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Newcomb's Paradox

dylancatlow
Posts: 12,245
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7/28/2015 10:00:03 PM
Posted: 1 year ago
If you're unfamiliar with this problem, you can read about it here: https://en.wikipedia.org...

This remains one of the great unsolved problems in philosophy. Many people have gone in many different directions with it, but no one has come up with a solution which satisfies everyone. No matter the proposed resolution, there's always some alternative point of view whose concerns go unanswered.

Before one can even begin to answer this question, I feel that there's a preliminary question which must be discussed. Namely, is it legitimate to consider the so-called "Oracle" anything but a very lucky guesser? After all, since it is a thought experiment, the improbability of a scenario in which the Oracle is merely lucky is quite irrelevant, because it's only a fantasy to begin with. If it's true that the "Oracle" is just a lucky guesser, then the answer would seem trivially obvious: take both boxes.

But if the Oracle is not just lucky - if the Oracle's prediction is actually based on what we'll "choose" to do - we would have to adjust our decision accordingly. Let's assume we have good reason to think the Oracle is the real deal, and has some way to reliably base his prediction on what we end up choosing to do. Then the notion that it is always better to take both boxes (given that it is the "better" choice no matter what the Oracle has predicted we'll do) merely takes for granted what we've already established is false. That is, the assumption that because the prediction is already made, anything we choose to do from here on out is irrelevant to the prediction. So if we reason that "no matter what the Oracle has predicted, I am better off taking the one thousand dollars" and proceed to do so, the Oracle must have predicted we'd do this, which we don't want. So the "dominance principle" is itself dominated by the predictive powers of the Oracle. It's not that our choice retroactively "changes" the prediction made by the oracle in real time, but that is changes how we must regard the prediction (which, from our perspective, is still "up in the air") and thus how we make our decision. So depending on how we choose to interpret the Oracle's history of successful predictions (lucky or indicative of actual powers) it seems the respective answers are "both boxes" and "only the black box".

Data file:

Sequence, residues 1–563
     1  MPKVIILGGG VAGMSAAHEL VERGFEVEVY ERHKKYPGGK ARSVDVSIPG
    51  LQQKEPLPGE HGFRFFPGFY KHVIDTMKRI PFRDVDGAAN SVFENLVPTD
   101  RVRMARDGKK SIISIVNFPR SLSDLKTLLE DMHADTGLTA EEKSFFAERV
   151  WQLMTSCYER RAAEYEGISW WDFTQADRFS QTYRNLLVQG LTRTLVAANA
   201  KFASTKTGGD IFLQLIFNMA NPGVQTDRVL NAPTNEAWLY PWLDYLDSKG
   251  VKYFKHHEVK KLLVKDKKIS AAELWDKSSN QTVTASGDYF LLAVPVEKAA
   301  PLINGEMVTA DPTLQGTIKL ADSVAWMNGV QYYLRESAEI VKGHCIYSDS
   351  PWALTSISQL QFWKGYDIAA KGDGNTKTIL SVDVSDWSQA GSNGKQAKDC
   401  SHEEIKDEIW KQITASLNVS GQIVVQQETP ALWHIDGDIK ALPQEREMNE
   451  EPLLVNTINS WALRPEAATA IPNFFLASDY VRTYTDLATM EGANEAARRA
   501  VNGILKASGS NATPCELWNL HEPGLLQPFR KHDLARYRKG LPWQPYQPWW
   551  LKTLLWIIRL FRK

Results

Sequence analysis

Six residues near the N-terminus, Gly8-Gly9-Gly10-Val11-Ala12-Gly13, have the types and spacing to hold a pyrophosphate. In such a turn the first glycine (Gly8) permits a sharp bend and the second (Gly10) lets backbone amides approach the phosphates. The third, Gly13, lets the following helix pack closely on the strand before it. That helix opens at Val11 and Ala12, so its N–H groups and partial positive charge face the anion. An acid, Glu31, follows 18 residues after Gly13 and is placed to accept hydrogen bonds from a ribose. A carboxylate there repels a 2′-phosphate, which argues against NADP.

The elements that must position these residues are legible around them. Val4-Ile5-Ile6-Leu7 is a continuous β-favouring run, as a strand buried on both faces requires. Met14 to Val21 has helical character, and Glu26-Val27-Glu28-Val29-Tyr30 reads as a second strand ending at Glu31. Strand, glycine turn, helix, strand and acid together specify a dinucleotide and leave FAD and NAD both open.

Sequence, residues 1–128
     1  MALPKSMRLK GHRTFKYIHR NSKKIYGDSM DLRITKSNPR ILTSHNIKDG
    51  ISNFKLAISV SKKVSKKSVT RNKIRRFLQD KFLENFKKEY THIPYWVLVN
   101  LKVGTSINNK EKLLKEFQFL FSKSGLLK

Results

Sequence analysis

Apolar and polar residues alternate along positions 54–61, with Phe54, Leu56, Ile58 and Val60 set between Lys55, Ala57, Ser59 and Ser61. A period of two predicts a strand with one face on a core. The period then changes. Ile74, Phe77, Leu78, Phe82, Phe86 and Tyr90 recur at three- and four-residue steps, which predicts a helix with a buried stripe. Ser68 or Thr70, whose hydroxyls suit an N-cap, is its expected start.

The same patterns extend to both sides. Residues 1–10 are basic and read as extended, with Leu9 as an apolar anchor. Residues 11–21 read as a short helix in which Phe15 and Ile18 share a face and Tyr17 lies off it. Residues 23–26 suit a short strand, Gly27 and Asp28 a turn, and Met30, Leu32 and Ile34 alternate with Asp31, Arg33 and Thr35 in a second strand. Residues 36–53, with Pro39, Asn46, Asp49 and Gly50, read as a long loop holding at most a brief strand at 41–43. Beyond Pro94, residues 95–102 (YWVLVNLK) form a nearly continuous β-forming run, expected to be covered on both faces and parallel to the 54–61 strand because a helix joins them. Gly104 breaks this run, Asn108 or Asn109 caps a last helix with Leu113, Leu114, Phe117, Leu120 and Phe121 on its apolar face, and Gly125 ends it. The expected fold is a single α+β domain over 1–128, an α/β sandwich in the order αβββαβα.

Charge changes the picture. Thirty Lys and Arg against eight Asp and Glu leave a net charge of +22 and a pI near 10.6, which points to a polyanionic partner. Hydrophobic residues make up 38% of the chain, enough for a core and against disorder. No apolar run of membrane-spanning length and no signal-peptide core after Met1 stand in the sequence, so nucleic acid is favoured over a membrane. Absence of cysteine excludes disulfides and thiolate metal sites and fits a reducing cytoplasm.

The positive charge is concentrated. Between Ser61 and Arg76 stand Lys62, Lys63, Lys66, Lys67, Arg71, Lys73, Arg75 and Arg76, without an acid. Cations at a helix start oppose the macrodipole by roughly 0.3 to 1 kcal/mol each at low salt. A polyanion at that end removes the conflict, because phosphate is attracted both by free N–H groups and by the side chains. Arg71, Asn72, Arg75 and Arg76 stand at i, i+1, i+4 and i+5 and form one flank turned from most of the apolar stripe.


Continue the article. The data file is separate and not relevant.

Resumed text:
There's another tacit assumption inherent in the problem: that we possess free will. If we don't possess free will, then the question "which option should we pick" is based on the erroneous assumption that there's a decision to be made in the first place.

I would be interested in hearing other people's perspectives on this problem.
kp98
Posts: 729
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7/29/2015 12:07:44 PM
Posted: 1 year ago
Possibly it only shows the idea of an infallible 'Predictor' is inherently incompatible with reality and the 'paradox' can be seen as a 'reductio ad absurdum' of that notion.

If we accept the existence of an infallible predictor then we might get an interesting mental exercise, but I don't think it has much - if any relevance - to the universe we live in.
dylancatlow
Posts: 12,245
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7/30/2015 4:34:47 PM
Posted: 1 year ago
At 7/29/2015 12:07:44 PM, kp98 wrote:
Possibly it only shows the idea of an infallible 'Predictor' is inherently incompatible with reality and the 'paradox' can be seen as a 'reductio ad absurdum' of that notion.


Perhaps, but I doubt very much that one could prove that. If one appeals to the uncertainty principle or something, then we could just adjust the problem so that it occurs in a completely deterministic universe. Unless you can show that such a universe is contradictory or logically impossible, we still have a paradox.

If we accept the existence of an infallible predictor then we might get an interesting mental exercise, but I don't think it has much - if any relevance - to the universe we live in.

Actually, any paradox, even one which is paradoxical under conditions which don't apply to our universe, is a problem for all logical systems. This is because the same logical reasoning we use to evaluate hypothetical scenarios is the same logical reasoning we use to evaluate the universe. If logic doesn't work in some instance, then its entire validity is called into question.